It is one of the many things I am. I am a girlfriend. I am a daughter. I am the fun aunt. I am a friend. I am a lease analyst. I am a sister. I am a mentor. I am a real estate professional. I am a writer. I am an optimist. I am a member of Red Sox Nation.
I am a Citizen Teacher.
My path to becoming a Citizen Teacher began in August 2009. During the media coverage of Senator Edward Kennedy’s death, I was struck by one photo: a simple photo taken in an unglamorous setting – a public school classroom.
That photo and the story behind it taught me something I never knew about the Senator. For years, he mentored in a public school classroom. It amazed me that a man of his stature and with his hectic schedule took the time to volunteer in an inner city school. It struck me, if he could do it, what could I do?
In 2010, I was introduced to Citizen Schools and their City Building program by one of my clients, a national supporter of the program. I answered the Citizen Schools call of what will you teach by volunteering to teach Real Estate to a group of middle school students at the Salemwood School in Malden, MA.
As I headed to my first class, I was terrified. Positive I’d gotten in over my head, I questioned what I had been thinking when I volunteered. “I can’t teach,” I told myself. And the only other thing I thought I knew for sure was that when the ten week commitment was over, I would never volunteer again and I’d never have to set foot inside a middle school classroom again.
Citizen Schools changes lives. It is not just the students’ lives that are changed. The lives of the volunteers are changed as well. I get to spend 90 minutes a week with a group of enthusiastic and energetic middle school students. It is unlike anything else I do. As a Citizen Teacher, I have had to step out of my comfort zone and well, teach. Being a Citizen Teacher as it turns out is not only fun, but also rewarding.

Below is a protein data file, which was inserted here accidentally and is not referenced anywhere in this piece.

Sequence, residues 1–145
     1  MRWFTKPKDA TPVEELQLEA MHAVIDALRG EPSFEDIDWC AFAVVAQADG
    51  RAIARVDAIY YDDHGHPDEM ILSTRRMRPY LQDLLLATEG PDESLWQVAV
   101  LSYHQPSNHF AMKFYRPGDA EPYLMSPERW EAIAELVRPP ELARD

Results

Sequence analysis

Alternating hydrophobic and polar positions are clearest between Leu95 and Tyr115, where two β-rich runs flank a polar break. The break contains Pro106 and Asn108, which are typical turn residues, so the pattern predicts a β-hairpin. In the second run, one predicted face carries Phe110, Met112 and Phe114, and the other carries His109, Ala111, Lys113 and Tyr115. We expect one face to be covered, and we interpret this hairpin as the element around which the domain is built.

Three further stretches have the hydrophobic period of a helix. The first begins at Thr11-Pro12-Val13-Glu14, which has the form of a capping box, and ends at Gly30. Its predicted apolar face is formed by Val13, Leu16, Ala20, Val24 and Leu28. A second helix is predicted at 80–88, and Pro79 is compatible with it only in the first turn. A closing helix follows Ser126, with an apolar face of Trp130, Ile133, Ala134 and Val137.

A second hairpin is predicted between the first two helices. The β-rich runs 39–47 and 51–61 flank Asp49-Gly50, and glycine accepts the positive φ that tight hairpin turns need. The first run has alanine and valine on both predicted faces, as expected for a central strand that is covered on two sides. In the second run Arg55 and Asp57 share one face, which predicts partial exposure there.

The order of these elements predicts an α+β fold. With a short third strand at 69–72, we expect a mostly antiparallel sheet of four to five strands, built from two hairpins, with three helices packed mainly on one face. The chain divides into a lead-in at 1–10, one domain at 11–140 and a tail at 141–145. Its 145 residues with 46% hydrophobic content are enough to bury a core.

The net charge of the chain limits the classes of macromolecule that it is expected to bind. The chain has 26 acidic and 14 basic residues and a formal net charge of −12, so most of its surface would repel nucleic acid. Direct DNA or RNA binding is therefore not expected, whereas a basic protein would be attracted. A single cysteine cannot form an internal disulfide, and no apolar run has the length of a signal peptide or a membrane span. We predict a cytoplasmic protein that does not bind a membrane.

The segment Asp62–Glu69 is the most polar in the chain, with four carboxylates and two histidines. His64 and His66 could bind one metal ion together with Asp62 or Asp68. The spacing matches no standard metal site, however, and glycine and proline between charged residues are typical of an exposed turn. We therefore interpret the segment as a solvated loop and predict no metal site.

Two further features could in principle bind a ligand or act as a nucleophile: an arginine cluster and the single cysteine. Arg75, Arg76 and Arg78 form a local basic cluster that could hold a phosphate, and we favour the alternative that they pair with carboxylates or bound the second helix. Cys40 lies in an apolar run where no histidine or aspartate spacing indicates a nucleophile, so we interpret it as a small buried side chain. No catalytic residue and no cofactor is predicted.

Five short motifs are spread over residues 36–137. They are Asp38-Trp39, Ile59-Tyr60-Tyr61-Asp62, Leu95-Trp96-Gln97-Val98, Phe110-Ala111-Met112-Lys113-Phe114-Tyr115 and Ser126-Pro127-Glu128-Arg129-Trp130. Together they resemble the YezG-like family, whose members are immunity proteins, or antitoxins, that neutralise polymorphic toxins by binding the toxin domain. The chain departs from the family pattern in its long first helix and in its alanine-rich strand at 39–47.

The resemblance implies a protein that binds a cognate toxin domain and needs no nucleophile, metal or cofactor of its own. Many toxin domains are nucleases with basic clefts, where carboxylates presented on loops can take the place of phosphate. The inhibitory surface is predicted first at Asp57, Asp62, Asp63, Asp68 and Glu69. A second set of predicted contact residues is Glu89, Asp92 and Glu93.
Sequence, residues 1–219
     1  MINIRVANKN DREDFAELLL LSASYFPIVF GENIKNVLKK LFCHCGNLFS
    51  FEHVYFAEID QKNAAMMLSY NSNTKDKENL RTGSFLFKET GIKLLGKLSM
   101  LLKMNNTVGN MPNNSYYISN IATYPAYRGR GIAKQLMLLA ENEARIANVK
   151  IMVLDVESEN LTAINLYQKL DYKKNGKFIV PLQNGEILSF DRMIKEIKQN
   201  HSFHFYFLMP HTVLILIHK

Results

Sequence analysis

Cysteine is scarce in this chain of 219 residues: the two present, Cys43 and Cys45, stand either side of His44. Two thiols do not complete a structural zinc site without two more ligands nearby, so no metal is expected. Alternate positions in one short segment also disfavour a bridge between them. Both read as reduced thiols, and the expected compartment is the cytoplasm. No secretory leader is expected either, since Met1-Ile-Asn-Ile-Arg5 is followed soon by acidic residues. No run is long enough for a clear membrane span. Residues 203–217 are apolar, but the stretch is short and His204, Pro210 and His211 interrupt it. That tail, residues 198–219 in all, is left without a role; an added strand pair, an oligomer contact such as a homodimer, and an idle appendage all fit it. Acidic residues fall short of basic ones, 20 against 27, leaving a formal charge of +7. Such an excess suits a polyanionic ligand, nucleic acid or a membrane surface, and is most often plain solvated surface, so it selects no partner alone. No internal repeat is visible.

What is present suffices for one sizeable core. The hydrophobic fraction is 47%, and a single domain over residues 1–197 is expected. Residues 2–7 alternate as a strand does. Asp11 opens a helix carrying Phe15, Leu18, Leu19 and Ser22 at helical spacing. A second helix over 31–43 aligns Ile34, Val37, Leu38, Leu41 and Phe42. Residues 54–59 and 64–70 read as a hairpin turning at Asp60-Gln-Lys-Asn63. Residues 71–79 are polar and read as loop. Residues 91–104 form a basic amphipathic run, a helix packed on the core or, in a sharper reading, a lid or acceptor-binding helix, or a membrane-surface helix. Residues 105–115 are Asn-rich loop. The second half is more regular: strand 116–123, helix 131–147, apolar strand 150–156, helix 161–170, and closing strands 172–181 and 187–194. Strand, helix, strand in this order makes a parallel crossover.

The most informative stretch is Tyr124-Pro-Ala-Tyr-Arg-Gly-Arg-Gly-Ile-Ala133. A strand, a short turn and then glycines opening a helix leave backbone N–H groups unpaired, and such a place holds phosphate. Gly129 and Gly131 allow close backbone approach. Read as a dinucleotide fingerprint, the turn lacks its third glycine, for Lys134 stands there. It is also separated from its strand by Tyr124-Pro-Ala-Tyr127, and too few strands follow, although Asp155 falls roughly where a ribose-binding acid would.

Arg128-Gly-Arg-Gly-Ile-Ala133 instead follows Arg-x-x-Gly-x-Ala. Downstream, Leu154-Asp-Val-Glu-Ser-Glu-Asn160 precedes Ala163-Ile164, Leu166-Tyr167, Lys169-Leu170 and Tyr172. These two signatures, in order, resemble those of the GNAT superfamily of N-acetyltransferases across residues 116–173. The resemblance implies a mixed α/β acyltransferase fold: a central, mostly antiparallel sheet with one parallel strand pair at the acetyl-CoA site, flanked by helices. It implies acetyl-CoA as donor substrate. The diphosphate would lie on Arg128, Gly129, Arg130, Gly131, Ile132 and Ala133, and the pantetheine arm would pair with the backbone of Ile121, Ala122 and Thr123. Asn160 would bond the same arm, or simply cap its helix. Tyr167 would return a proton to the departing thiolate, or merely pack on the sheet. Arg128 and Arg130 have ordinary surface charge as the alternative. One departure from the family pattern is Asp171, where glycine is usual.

The rewards and successes come in various forms:
- witnessing the pride on a student’s face when she gets the answer correct to a real estate vocabulary question;
- the simple joy when a student sneaks back to the classroom to say “I love you, Ms. Brown, see you next week;”
- encouraging a student, who struggles to write one sentence until he is able to write six whole sentences for his WOW! presentation;
- watching a reticent boy who barely spoke a word during the first class transform into a prolific speaker and deliver a wonderful presentation at WOW!;
- the text messages I receive from former students letting me know how they are doing.
Ironically after four semesters of being a Citizen Teacher, the two things I thought I knew for sure on that first day: that I can’t teach and that I’d never ever do this again turned out to be untrue. The truth is I can teach and I do. And while it may be true that I never have to do this again, the larger truth is that I want to.
On Tuesday afternoons from 4:15 – 5:45, I can be found in Room 126 at the Dever-McCormack School in Dorchester, MA teaching sixth graders about commercial real estate development or real estate math. By the end of the semester, my students will know what profit and revenue are, how to prepare a construction budget and an operating expense reconciliation statement. Throughout the term, they will have fun playing math games or visiting construction sites, build confidence in their math and public speaking skills, eat a few cookies and hopefully prove that:
Math Fun + Math Practice = Better Math Grades.
And that in itself is the only reward required.